Just my thoughts.....


David

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Post #1470104
Posted Wednesday, July 3, 2013 10:15 AM


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Craig-315134 (7/3/2013)
Very good article, Steve, thank you.

It may be of interest to know that Kamala Harris, the California State Attorney General, posts data breaches on the AG website. You can find more about it here:

http://oag.ca.gov/ecrime/databreach/reporting


thanks







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Post #1470151
Posted Wednesday, July 3, 2013 10:17 AM


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David Benoit (7/3/2013)
...

Somehow we need to get to the place where we are able to master data access in such a way that people, by job definition, only get to see the data that they truly need, and yet all jobs functions are able to work flawlessly without being constrained by those same restrictions. Utopia? Maybe.


I think it is Utopia, mostly because of the overhead of trying to classify data. too often I think we don't know, or don't have the time to spend doing this. How many people actually set up 3-4 roles in a database, and limit the access? Few do, often because we can't easily classify data or entities for a job, and often because as applications evolve, we need to give access to new tables, or portions of tables.







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Post #1470153
Posted Wednesday, July 3, 2013 11:36 AM
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Steve,

Yep, that about sums it up. I've known since Oli North was busted by emails he thought he deleted that anything that is ever online for a single moment can potentially be saved and viewed by others without my knowledge. I am ambivalent about this state of reality. On the one hand, I'm trying hard to blend in with the heard, and hope that the lions stalking us choose someone else to eat for lunch. On the other hand, I try to reduce my electronic footprint whenever possible by: 1) Never signing up for "Club Cards" whenever I have a choice in the matter; 2) I never cache my passwords when signing in to internet sites; 3) I never allow my financial information to be cached; 4) I use a low limit ATM card that I keep < $200 in, for all online purchases; 5) I use Paypal, which uses the same low-limit card, whenever possible to pay for things on the internet; 6) I have a credit-watch service to monitor unusual activity, or who is requesting a credit check on me; 7) I always consider what I'm posting on the internet, with the mantra "would I be OK saying this in a court of law?"; 8) I will identify myself explicitly when I deem it beneficial to me, otherwise I try to anonymize my presence in forums and online whenever possible; 9) I expect that Big Brother (NSA) is monitoring everything I say and write, but I trust my government to do the right thing... most of the time.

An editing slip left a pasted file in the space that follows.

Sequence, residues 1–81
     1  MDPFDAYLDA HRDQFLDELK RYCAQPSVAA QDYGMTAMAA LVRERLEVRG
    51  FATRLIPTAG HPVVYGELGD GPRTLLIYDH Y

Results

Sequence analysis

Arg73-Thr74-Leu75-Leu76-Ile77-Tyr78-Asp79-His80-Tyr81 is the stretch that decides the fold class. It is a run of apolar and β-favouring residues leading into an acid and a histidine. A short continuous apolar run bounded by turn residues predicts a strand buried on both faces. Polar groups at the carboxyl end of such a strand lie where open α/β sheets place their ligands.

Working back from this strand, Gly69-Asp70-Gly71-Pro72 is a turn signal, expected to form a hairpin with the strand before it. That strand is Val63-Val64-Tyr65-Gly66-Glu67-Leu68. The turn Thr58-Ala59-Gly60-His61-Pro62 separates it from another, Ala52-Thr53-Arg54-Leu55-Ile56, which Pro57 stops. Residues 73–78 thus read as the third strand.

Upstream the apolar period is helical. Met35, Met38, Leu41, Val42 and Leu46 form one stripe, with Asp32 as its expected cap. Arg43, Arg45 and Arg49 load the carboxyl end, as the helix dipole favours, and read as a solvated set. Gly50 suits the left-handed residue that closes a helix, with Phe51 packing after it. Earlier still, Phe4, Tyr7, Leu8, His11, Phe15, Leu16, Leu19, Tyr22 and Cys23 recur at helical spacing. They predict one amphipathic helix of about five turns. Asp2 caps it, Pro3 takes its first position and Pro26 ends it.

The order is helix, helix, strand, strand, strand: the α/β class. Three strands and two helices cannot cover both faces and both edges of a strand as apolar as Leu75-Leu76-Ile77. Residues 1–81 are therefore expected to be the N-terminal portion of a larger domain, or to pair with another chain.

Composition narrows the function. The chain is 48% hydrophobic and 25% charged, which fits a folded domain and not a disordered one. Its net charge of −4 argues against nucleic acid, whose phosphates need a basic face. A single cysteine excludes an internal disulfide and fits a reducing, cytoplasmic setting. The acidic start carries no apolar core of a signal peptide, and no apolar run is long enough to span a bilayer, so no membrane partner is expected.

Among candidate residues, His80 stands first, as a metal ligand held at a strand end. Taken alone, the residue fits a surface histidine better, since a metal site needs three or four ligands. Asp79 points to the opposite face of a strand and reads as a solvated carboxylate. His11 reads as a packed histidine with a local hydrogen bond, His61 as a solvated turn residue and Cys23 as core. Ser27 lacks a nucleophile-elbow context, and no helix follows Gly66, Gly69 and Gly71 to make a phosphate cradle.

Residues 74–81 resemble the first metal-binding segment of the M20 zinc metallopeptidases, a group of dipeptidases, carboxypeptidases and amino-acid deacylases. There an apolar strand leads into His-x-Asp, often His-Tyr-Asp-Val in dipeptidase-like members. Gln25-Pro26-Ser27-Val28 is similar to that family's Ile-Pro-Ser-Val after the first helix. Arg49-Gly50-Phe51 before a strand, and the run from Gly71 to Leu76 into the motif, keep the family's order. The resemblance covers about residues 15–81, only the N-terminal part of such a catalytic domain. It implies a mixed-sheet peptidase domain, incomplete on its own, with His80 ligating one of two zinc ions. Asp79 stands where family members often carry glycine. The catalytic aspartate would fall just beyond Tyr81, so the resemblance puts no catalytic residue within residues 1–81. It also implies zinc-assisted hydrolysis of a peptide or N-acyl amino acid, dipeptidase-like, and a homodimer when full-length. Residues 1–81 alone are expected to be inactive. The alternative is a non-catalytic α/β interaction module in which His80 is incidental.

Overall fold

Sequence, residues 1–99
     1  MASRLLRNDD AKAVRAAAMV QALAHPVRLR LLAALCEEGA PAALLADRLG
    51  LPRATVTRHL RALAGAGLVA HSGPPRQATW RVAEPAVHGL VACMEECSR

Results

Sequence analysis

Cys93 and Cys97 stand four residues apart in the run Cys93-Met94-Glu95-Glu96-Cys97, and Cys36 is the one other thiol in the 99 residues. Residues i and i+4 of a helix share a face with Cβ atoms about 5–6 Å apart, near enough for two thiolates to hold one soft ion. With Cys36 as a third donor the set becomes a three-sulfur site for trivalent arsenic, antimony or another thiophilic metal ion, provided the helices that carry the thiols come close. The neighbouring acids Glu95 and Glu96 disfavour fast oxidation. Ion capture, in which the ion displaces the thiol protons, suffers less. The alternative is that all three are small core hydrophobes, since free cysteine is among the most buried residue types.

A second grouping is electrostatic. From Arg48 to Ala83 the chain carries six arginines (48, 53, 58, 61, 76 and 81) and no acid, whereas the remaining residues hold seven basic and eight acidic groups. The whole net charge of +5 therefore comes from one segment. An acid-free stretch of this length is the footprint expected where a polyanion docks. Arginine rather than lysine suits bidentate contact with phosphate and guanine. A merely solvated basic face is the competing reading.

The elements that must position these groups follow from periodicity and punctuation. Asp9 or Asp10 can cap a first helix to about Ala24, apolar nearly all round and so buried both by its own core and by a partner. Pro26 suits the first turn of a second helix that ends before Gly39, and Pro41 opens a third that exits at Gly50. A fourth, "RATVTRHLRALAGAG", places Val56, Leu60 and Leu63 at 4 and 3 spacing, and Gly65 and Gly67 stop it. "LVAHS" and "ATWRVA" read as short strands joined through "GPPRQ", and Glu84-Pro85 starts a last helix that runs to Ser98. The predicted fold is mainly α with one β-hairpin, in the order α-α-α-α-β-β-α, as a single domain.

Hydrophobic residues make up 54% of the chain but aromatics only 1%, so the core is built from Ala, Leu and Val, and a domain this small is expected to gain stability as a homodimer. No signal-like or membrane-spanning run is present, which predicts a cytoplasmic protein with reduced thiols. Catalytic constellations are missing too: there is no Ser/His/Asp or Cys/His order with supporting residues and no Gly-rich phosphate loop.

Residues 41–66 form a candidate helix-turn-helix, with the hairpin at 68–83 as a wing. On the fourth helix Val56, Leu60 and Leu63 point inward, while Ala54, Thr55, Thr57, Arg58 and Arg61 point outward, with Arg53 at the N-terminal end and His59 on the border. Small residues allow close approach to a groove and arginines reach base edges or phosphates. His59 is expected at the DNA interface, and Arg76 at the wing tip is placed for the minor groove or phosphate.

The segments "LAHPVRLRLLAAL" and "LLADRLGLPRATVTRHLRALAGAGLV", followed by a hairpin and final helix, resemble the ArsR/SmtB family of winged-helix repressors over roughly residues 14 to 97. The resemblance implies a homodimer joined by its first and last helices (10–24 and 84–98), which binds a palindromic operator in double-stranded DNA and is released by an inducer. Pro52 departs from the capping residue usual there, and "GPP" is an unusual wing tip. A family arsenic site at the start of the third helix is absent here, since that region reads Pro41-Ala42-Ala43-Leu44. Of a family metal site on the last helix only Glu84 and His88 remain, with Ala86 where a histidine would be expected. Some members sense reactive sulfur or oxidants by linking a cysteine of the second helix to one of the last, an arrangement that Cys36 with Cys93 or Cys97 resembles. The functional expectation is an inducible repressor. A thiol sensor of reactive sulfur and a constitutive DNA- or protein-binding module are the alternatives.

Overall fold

Cheers!

Banyardi Schmardi
Post #1470175